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Cold Iron (The Malorum Gates) Paperback – July 14, 2015
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“This is a thoroughly enjoyable book, with solid, believable characters, absorbing action, and sprawling scope. It's what I think of as '90s Epic Fantasy (mostly because of how many books like this I was devouring at the time) — fantasy that's figuring out its relationship to its own history and lineage in order to unabashedly revel in it. It reminded me, pleasurably, of Robin Hobb's Assassin's Apprentice series.” (, NPR Books)
“In Cold Iron, Leicht has written an approachable, entertaining epic fantasy, peopled with engaging characters and replete with dramatic incidents. Cold Iron rapidly progresses towards very entertaining indeed.” (, Tor.com)
(Epic Best Book of 2015)
“There are quite a few underrated authors out there. These are authors with a disgusting amount of talent, but not nearly the attention for said talent that they deserve. Stina Leicht, in my humble opinion, is at the top of that list. I truly loved this book." (, Bookworm Blues)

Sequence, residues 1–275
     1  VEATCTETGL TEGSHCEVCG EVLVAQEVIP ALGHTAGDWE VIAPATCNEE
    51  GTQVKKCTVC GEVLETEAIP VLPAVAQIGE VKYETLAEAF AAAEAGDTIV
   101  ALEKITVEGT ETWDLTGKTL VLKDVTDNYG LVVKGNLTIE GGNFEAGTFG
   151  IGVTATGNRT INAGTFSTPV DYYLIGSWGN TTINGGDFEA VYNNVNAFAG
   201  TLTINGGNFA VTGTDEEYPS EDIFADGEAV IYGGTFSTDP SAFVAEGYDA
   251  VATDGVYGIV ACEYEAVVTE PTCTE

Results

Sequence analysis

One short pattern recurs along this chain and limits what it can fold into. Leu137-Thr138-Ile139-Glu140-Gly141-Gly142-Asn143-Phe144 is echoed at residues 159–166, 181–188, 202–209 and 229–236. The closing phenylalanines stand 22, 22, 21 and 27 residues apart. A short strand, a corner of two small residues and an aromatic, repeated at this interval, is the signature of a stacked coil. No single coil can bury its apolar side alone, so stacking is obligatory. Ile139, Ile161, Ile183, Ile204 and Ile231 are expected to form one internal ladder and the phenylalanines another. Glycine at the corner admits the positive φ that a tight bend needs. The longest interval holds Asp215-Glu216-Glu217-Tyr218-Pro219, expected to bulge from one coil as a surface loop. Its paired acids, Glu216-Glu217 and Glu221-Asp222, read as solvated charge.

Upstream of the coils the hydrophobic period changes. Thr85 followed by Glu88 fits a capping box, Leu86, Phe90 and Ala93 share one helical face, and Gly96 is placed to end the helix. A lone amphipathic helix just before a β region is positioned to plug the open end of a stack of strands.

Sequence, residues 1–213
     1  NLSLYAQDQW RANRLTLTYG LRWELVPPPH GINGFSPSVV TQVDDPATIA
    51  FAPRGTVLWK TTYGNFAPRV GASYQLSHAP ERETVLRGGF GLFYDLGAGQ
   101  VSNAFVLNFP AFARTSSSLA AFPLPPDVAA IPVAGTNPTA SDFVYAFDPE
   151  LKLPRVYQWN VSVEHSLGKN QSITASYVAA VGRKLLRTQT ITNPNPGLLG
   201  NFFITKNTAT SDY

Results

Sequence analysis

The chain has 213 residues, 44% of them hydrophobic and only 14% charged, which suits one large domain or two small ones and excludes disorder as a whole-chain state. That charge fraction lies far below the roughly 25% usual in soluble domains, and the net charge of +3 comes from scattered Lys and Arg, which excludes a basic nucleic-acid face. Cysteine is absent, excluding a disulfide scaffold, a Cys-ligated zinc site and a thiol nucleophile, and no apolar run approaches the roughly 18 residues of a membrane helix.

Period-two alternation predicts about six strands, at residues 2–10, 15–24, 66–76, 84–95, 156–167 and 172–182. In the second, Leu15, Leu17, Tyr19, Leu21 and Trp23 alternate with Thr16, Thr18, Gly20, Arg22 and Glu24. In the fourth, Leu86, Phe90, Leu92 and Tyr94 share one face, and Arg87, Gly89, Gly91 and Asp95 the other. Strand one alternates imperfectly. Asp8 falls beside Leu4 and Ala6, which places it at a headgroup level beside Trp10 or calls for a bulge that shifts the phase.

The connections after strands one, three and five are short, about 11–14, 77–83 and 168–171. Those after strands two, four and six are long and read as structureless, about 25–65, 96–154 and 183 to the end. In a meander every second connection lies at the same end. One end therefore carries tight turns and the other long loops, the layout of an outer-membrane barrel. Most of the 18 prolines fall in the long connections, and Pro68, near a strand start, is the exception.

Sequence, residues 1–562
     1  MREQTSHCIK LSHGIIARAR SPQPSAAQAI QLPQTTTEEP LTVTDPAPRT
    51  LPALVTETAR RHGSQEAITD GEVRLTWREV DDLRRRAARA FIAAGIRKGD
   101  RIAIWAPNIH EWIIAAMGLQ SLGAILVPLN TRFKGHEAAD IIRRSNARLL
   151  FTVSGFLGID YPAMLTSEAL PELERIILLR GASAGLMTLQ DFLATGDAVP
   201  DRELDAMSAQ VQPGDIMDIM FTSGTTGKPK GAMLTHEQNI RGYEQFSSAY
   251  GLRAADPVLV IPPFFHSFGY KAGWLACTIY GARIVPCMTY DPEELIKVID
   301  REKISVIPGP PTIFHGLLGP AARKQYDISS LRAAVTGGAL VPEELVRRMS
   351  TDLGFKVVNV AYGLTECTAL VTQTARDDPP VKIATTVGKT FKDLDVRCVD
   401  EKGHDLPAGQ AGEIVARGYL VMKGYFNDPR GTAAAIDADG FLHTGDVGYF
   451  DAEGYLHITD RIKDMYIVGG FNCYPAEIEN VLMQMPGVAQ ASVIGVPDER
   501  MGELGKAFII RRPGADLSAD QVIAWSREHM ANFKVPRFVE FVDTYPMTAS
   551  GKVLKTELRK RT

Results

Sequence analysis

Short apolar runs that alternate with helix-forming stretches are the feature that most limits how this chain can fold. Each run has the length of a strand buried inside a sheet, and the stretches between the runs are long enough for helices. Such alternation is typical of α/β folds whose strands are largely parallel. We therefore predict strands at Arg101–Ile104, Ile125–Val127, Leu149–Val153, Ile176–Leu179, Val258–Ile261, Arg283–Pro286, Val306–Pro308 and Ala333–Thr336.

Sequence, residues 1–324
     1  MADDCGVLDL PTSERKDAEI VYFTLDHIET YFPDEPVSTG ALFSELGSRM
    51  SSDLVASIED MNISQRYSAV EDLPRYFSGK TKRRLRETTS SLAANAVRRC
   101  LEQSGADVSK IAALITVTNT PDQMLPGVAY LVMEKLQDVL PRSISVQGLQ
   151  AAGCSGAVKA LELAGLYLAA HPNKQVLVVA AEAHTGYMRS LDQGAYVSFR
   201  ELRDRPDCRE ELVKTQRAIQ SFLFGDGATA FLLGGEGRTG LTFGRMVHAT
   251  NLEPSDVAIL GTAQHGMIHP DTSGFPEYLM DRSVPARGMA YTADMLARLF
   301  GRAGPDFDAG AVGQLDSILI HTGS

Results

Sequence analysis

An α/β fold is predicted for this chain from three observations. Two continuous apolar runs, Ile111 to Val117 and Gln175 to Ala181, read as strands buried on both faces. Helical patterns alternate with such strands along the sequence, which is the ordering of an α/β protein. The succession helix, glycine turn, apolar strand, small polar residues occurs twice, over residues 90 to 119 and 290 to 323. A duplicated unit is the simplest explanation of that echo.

“In many ways, the world-building is fascinating. Its protagonists have complex motivations, failings and insecurities. It’s a book with big ideas and an epic storyline.” (, Fantasy-Faction)
“Leicht loads up on all the thrills we love in the genre (Huge battles! Countries in peril! Heroes facing impossible odds! Coming-of-age stories! Banter! So much banter!), she also plays with the formula, twisting expected tropes in unusual ways. I don’t think I have ever come across a fantasy novel that used the advantages of being, you know, fantasy to think around giving martial power an honored, or at least feared, place at the table of power.” (, B&N Sci-Fi & Fantasy Blog)
“[Cold Iron] offers a full-scale flintlock fantasy world in which a pair of young scions stretches beyond their royal heritage and into realms both military and magical. Stina Leicht, whose previous books were historical/urban fantasy, makes a promising turn to epic fantasy [with] an excellent trio of central characters.” (, SF Signal)
“The allure of fascinating world building permeates Cold Iron from its foundation. There are distinct races and cultures, a magical system with spirituality and ritual within it, ‘flintlock’ technology, and rumors of mythical ‘Old Ones’ soon to return. But rather than being plot driven as epic series often are, Cold Iron gets its page length from firmly character driven exploration.” (, The Skiffy & Fanty Show)